Over the years, the symposium has brought a number of compositional heavy hitters, such as Pauline Oliveros, Cecil Taylor, Robert Ashley, Michael Colgrass and George E. Lewis. There’s no headlining act hierarchy this time, but notable guest ensembles include the Robb Musical Trust’s artist-in-residence Del Sol String Quartet (San Francisco), percussion ensemble Gamelan Encantada (Albuquerque), digital arts collective localStyle (Chicago) and saxophone group Iridium Quartet (Illinois / Louisiana / New Mexico).

The scale of this year’s symposium is larger, with the typically three-day festival expanding over more than a week of composers’ talks, master classes and concerts. Daytime and nighttime events at UNM proper are free and open to the public. Events at satellite venues have varying prices ranging from $7 to $20. A UNM student ID gains free admittance to ticketed concerts at Outpost Performance Space.

There’s no one concert or showcase Shultis is most excited about experiencing. “If you really love music, this would be the week to immerse yourself,” says Shultis, “This is going to be something that will be hard to duplicate. I’m going to be at everything.”


Events are free unless otherwise noted. More at

Thursday, March 22

7 p.m. Native American Inspirations / New Mexico Composers; various artists

Scottish Rite Temple (463 Paseo de Peralta, Santa Fe); $15

Friday, March 23

8:30 p.m. Postcommodity; William Fowler Collins; Marisa Demarco; Drake Hardin

Small Engine Gallery (1413 Fourth Street SW); $7

Saturday, March 24

7:30 p.m. various artists

Keller Hall, UNM Center for the Arts

Sunday, March 25

10:30 a.m. Sunday Chatter; various artists

The Kosmos (1715 Fifth Street NW); $15, $9 for people under 30

7:30 p.m. Mark Weaver’s UFO Ensemble with Harris Eisenstadt; Christian Pincock

Outpost Performance Space (210 Yale SE); $15, $10 members and students, free for UNM students

10 p.m. The Very Rich Hours by Steve Peters

89.9 KUNM-FM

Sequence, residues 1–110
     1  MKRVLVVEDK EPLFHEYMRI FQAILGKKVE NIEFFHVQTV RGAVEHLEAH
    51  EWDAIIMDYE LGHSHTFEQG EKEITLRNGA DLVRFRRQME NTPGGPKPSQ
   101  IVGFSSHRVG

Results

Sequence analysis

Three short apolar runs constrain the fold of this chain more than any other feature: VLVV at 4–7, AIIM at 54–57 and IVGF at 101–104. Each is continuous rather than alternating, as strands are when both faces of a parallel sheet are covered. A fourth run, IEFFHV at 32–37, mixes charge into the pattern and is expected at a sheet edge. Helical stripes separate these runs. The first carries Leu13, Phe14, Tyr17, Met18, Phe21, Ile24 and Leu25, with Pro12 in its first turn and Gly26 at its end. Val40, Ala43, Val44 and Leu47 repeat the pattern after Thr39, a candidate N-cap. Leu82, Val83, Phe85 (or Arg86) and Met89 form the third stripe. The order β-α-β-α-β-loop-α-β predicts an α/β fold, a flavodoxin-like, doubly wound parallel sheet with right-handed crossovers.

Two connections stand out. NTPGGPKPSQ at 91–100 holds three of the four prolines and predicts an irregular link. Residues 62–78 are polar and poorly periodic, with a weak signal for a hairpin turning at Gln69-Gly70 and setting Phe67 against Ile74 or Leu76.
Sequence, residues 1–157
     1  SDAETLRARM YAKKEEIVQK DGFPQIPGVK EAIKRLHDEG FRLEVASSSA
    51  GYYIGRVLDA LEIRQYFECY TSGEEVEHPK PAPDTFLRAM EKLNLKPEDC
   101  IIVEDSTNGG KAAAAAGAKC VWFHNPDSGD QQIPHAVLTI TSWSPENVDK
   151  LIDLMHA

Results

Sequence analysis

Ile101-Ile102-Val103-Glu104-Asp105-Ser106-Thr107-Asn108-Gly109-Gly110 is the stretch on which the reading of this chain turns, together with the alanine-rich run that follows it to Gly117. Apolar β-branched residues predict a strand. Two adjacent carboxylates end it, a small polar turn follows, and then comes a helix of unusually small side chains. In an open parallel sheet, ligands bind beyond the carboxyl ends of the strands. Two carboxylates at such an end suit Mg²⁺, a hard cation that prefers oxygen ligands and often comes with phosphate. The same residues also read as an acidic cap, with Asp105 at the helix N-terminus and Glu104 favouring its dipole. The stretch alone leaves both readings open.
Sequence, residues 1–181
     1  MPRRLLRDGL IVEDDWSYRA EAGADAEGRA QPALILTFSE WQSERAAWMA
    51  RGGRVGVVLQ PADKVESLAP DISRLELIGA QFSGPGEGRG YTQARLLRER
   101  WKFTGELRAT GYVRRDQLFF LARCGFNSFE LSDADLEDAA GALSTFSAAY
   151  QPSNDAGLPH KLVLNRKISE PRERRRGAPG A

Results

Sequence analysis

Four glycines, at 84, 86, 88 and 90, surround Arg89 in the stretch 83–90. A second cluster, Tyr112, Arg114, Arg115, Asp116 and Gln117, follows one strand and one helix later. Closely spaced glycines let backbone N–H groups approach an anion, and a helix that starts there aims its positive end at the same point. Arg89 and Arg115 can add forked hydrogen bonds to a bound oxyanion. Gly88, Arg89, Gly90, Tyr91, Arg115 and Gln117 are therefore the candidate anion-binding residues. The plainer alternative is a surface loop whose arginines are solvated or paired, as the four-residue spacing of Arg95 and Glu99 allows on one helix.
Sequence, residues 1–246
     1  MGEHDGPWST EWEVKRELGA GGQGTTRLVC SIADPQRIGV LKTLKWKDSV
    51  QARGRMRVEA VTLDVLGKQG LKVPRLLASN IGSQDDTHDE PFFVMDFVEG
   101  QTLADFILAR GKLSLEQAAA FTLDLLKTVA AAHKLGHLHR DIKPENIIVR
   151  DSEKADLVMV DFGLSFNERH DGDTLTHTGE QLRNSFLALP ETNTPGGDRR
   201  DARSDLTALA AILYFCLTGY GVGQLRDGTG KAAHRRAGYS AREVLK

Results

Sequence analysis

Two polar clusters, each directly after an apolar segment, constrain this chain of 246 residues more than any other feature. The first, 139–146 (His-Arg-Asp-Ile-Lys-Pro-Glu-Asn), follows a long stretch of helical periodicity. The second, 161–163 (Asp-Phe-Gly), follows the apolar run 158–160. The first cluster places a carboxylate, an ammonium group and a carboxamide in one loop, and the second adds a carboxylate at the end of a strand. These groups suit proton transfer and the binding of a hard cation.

Monday, March 26

9 a.m. Panel discussion with Bill Wood, Scott Wilkinson, Steven Block, Christopher Shultis, Peter Gilbert, Karola Obermüller

Kurt Frederick Rehearsal Hall (B-120, UNM Center for the Arts)

4 p.m. various artists

Keller Hall

7:30 p.m. John Donald Robb Concert; various artists

Keller Hall

Tuesday, March 27

9:30 a.m. "John Donald Robb’s Imperative to Collect: Towards an Archival Ethnography of the Robb Archive for Southwestern Music" lecture by Raquel Rivera

Kurt Frederick Rehearsal Hall

11 a.m. “New Kid on the Block—The Rise and Significance of the Wind Ensemble” lecture by Michael Colgrass

Kurt Frederick Rehearsal Hall

2 p.m., various artists

Keller Hall

5:30 p.m. Gallery talk with installation artists Yim, Novak and Duran

UNM Art Museum (UNM Center for the Arts)

7:30 p.m. various artists

Keller Hall

Wednesday, March 28

9 a.m. Panel discussion with Bill Wood, Scott Wilkinson, Steven Block, Christopher Shultis, Peter Gilbert, Karola Obermüller

Kurt Frederick Rehearsal Hall

10 a.m. “The Key to Creativity: Think Like a Kid” lecture with Michael Colgrass

Kurt Frederick Rehearsal Hall

4 p.m. "The Process of Live Creation in Music" lecture with Julio Estrada and David Felberg

Keller Hall

7:30 p.m. various artists

Popejoy Hall (UNM Center for the Arts)

Thursday, March 29

2 p.m. various artists

Keller Hall

7 p.m. Trio M: Myra Melford, Mark Dresser and Matt Wilson

Outpost Performance Space; $20, $15 members and students, free for UNM students; includes admission and round-trip shuttle from the Outpost to North Fourth Art Center for
Garden, “Night”

9 p.m. Garden, “Night” by Chris Jonas; performed by the Del Sol String Quartet

North Fourth Art Center (4904 Fourth Street NW); see above

Friday, March 30

7:30 p.m. Dino J.A. Deane’s Out of Context Orchestra with pianist Myra Melford; CK Barlow

Outpost Performance Space; $15, $10 members and students, free for UNM students
Sounds of Enchantment

The Robb Musical Trust’s artist-in-residence, Del Sol String Quartet

Sounds of Enchantment